By 2025, all cities and transport links in the EU should have uninterrupted 5G coverage, according to EC president Jean-Claude Juncker’s State of the Union speech for 2016.
In addition, Juncker unveiled the European Electronic Communications Code, including “forward-looking and simplified” rules intended to make it more attractive for firms to invest in infrastructure, both locally and across national markets.
Ahead of the 2025 target, each EU member state must offer commercial 5G in at least one major city by 2020.
The EC’s connectivity targets are likely to require €500 billion of investment over the coming decade, largely coming from private firms. However, under current estimates, there is likely to be a shortfall of €155 billion.
To make up the shortfall, the Commission is proposing to modernise current telecoms regulation.
The new code involves “substantially” reducing regulation where rival operators jointly invest in high-speed networks, so easing the way for smaller players to be part of larger projects. Also, the intention is to make it more attractive for first movers to invest in less profitable areas, for instance in rural locations.
And the code proposes long duration spectrum licences, allied with stricter requirement to use frequencies efficiently.
There are also stronger consumer protection measures, and the extension of rules on security to newer internet players, which have previously only applied to traditional operators. Inclusion of the latter provision has been mooted in recent days.
Juncker also referenced WiFi4EU, an initiative aiming at helping more EU communities offer free Wi-Fi access points. The EC would like to see every local authority offering Wi-Fi in and around public buildings, health centres, parks and squares. The public voucher scheme has an initial budget of €120 million.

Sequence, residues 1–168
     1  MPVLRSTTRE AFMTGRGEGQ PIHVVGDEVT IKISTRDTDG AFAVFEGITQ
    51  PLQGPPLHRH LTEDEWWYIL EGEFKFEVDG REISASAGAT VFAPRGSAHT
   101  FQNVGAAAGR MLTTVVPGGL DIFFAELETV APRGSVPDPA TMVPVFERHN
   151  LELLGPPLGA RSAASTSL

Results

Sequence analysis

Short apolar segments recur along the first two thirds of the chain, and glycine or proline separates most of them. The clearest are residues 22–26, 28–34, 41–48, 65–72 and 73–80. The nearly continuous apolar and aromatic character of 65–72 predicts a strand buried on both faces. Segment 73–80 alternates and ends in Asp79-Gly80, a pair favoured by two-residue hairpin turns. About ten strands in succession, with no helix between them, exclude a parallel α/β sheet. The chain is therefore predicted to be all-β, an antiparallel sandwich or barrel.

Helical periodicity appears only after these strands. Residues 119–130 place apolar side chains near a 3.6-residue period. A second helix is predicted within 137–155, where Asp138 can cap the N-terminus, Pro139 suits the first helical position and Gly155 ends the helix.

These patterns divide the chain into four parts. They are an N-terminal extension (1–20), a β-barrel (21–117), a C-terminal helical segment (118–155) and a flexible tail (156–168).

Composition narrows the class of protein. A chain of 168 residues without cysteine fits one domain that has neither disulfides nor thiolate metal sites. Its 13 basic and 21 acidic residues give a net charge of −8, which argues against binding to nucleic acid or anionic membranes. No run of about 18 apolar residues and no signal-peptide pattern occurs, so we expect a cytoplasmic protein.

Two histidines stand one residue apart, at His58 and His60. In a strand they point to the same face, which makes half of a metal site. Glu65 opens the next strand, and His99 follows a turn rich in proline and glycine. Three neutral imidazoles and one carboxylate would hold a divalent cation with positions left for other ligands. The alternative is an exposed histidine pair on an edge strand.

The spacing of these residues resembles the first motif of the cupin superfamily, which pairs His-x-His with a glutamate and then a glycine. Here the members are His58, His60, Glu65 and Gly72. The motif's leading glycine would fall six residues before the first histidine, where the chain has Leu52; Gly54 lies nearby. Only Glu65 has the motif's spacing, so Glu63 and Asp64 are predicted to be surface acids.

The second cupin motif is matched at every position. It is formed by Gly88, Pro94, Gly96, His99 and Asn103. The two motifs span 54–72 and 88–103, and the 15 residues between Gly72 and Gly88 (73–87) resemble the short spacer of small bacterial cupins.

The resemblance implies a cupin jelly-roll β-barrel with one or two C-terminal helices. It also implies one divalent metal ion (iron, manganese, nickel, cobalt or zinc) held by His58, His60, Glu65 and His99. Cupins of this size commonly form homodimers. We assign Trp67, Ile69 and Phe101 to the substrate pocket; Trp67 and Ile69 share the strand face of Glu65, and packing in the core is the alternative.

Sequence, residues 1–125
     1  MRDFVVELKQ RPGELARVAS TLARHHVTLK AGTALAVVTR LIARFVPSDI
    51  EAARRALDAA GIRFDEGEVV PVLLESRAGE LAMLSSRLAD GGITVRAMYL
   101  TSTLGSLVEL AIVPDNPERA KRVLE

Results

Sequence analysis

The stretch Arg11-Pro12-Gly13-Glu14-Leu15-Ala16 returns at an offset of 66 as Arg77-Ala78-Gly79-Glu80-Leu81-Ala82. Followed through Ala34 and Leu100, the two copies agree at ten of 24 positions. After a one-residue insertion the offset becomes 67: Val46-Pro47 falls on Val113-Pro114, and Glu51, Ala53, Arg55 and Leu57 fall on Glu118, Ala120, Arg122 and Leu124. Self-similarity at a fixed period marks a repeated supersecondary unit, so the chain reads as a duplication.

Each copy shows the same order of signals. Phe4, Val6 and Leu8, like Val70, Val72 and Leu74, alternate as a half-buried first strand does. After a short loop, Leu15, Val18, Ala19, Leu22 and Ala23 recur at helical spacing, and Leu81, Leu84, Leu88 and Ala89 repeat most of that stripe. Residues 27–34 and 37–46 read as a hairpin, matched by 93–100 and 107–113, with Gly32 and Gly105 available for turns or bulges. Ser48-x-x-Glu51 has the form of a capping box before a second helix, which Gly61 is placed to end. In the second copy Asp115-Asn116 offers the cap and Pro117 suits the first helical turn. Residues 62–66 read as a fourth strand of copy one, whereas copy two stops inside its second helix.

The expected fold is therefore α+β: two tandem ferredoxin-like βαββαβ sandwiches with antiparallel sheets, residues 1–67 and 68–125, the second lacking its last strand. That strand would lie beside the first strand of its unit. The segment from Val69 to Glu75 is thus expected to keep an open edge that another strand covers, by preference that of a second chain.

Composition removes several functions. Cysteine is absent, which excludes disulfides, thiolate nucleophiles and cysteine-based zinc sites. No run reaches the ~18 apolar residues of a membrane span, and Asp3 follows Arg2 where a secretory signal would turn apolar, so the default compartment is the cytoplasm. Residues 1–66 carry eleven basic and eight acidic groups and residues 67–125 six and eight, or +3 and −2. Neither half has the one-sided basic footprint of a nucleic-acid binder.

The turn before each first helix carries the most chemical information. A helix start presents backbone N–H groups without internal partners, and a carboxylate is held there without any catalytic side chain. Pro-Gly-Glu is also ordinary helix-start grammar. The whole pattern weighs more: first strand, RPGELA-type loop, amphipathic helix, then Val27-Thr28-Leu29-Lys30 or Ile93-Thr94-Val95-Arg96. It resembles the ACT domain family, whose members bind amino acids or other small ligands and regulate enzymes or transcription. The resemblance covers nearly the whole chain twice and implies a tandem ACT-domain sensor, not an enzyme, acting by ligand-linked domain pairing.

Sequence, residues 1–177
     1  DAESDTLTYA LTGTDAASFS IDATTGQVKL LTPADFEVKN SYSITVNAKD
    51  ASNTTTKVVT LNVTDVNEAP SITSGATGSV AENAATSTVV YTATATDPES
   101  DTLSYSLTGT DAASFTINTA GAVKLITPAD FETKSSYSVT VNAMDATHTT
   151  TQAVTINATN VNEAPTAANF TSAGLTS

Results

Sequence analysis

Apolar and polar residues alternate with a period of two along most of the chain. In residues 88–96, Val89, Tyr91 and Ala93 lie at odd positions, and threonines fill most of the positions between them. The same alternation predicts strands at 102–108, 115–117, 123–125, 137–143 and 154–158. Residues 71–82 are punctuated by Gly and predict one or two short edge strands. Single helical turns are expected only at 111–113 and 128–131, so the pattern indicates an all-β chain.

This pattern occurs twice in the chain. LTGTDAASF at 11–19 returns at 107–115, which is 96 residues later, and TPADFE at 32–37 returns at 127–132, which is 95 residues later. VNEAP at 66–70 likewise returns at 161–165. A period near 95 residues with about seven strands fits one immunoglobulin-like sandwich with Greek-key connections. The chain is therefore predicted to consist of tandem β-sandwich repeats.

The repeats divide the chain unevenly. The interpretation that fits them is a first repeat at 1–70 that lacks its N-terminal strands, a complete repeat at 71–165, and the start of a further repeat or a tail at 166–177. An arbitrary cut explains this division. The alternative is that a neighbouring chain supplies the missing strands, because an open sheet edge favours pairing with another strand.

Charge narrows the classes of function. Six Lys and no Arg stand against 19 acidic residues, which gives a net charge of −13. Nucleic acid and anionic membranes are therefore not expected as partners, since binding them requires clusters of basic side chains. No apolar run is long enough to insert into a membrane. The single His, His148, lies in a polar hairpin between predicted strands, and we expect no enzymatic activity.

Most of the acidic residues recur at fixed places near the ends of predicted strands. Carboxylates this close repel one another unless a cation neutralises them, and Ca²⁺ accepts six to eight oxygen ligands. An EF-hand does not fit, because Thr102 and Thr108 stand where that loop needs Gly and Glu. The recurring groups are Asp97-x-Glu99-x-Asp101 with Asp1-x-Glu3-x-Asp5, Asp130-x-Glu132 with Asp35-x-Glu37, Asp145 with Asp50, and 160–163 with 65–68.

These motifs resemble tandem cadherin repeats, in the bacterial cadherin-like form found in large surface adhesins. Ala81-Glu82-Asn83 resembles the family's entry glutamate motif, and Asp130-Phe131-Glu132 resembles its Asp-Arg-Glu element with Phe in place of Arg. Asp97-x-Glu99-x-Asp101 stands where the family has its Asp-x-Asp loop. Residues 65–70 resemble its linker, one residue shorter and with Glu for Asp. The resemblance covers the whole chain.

In addition to the 2015 target for 5G, Juncker mentioned two other connectivity targets: All schools, universities, research centres, transport hubs, as well as providers of public services, should have access to speeds of 1 Gb/s, download and upload, by 2025. And all European households, both urban and rural, should have access to download speeds of at least 100 Mb/s by the same date.
The EC’s proposal was commended by the GSMA with Mats Granryd, director general, commenting: “The Commission has recognised the need to incentivise a step change in infrastructure investment in order to fulfil the potential of the Digital Single Market.”
“Its spectrum policy reform proposals, for example, will help provide the consistency needed to underpin investor confidence.”
“The Commission has also taken steps to reduce some aspects of sector-specific service regulation that are no longer relevant or appropriate in today’s dynamic and converging communications service market,” he added.